Themes Overview

Postleaf themes are built with Dust.js templates. Dust.js is an open source, modern templating engine designed to work well in JavaScript environments.

Templates are nothing more than plain old HTML with special {placeholders}. You can output data, add logic, and use helpers to do more advanced things, but let's start with the basics first.

Before we get into syntax, it's important to know that Postleaf makes certain data available to each template it renders. This is called the template context, and is discussed more in the templates section.


Dust.js has a very elegant syntax. If you're familiar with Handlebars or Twig, you'll be able to master Dust.js in no time.


To output data, simply surround the variable name with curly braces. If you're referencing an object's property, separate it with a dot.


It's that simple. Postleaf will automatically sanitize and output the appropriate content for you!


You can use conditionals, or if statements, by doing this:

  <img src="{image}">

Notice the syntax here. The opening brace is proceeded with a question mark and there's a closing tag that uses a forward slash to signify the end of the block.

You can create else blocks like this:

  <img src="{image}">
  No image


Sections are used to switch the context. Imagine a context that has an author object. I could output the author's info like this:

Hi, my name is {} and my email is {email}.

But this can get pretty verbose. By switching to the author context, I can reference properties more elegantly:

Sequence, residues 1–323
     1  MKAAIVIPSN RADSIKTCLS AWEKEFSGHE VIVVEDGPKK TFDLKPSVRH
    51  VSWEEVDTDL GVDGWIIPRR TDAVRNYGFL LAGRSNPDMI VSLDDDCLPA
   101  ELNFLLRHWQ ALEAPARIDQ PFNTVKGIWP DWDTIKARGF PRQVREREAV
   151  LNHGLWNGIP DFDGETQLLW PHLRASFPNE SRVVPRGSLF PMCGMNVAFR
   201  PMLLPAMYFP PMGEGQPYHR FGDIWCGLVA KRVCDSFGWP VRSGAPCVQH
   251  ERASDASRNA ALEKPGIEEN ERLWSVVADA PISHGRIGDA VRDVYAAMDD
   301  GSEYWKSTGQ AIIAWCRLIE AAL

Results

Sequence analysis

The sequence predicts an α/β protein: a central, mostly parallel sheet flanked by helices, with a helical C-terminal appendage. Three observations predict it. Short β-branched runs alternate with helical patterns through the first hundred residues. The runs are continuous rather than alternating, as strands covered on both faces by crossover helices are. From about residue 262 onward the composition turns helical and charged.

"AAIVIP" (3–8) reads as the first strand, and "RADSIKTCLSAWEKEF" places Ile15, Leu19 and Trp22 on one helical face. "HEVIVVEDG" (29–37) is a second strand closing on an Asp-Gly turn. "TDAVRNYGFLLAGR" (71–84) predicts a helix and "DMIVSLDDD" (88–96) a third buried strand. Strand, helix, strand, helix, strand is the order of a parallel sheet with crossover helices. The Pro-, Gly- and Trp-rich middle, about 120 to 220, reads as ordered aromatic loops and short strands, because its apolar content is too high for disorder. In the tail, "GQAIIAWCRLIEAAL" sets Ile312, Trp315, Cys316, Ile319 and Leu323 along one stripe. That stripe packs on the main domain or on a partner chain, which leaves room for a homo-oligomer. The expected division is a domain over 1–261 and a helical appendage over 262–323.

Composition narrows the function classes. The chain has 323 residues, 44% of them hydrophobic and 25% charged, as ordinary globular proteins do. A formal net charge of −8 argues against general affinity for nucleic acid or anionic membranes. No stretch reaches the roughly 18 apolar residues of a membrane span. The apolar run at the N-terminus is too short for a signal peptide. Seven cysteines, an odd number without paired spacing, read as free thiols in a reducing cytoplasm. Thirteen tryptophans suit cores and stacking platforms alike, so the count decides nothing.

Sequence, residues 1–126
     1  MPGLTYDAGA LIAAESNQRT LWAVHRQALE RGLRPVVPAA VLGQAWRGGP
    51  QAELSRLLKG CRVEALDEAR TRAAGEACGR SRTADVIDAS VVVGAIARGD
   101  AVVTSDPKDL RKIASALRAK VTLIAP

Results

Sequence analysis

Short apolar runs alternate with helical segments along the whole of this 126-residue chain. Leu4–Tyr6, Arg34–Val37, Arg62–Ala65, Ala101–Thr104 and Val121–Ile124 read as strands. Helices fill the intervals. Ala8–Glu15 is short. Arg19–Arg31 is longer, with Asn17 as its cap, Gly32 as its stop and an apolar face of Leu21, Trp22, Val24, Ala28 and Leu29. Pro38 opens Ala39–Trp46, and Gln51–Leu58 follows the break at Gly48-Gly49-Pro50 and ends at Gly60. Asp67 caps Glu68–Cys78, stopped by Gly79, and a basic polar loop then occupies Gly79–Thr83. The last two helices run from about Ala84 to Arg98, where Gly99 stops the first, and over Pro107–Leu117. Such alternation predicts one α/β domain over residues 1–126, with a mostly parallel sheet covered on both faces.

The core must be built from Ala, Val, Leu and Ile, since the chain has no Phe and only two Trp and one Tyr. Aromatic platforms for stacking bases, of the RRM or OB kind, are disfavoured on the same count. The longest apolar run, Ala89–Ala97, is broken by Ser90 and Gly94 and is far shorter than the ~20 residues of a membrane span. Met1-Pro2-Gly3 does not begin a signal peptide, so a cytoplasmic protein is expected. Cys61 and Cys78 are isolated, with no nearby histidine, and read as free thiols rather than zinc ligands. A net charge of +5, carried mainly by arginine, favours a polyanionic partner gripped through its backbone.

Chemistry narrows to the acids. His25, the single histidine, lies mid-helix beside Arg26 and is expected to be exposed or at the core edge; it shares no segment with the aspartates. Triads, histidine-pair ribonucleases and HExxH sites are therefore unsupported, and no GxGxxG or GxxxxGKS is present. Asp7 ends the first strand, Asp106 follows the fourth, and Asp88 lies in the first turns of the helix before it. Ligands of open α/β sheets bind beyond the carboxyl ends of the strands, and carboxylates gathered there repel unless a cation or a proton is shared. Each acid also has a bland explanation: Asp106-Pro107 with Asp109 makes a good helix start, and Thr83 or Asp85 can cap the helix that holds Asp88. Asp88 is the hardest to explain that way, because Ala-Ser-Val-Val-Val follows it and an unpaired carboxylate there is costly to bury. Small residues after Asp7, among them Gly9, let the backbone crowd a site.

Hi, my name is {name} and my email is {email}.

Notice the pound symbol that proceeds the opening curly brace and, once again, the closing tag with a forward slash.

If you're not sure if an object exists, you can use an {:else} block just like with a conditional:

  Hi, my name is {name} and my email is {email}.
  No author found


You can loop over a collection of items by creating a section that references it. Consider the following object:

users: [
{ name: 'Tom', email: '' },
{ name: 'Dick', email: '' },
{ name: 'Harry', email: '' }

You can loop through each user like this:

  Hello, {name}!<br>

This will output:

Hello, Tom!
Hello, Dick!
Hello, Harry!

Tip: when a collection contains objects, you can reference their properties with dot notation.


Comments have a simple syntax. They start with a curly bracket and an exclamation point, and end with the reverse. They can be single- or multi-line:

{! This is a comment !}

{! This is a long comment that
spans more than one line. !}


Helpers let you add additional logic and more robust features to your templates. For example, you can use the {@gt} helper to see if one value is greater than another. Or you can use the {@readingTime/} helper to display the number of minutes it will take the average user to read a post.

The syntax for helpers and a list of all available helpers in Postleaf can be found in the helpers section.


Filters are used to transform a variable before outputting it. You can use them to encode values and even to convert HTML to plain text.

The syntax for filters and a list of all available filters in Postleaf can be found in the filters section.


To learn more about Dust.js, check out these pages:

If you're building a theme, it will help quite a bit to look at the default theme's source.

Syntax Highlighting

If your editor doesn't support syntax highlighting for Dust.js, try searching for a plugin. Here are a few for some popular editors: